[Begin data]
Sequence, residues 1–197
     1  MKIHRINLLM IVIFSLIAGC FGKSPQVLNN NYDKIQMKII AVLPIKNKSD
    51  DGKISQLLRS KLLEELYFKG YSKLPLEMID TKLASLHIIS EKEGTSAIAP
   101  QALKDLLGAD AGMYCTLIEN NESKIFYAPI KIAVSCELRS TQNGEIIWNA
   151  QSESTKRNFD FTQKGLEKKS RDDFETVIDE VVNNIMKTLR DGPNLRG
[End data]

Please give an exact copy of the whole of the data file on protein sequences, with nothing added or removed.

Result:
Sequence, residues 1–197
     1  MKIHRINLLM IVIFSLIAGC FGKSPQVLNN NYDKIQMKII AVLPIKNKSD
    51  DGKISQLLRS KLLEELYFKG YSKLPLEMID TKLASLHIIS EKEGTSAIAP
   101  QALKDLLGAD AGMYCTLIEN NESKIFYAPI KIAVSCELRS TQNGEIIWNA
   151  QSESTKRNFD FTQKGLEKKS RDDFETVIDE VVNNIMKTLR DGPNLRG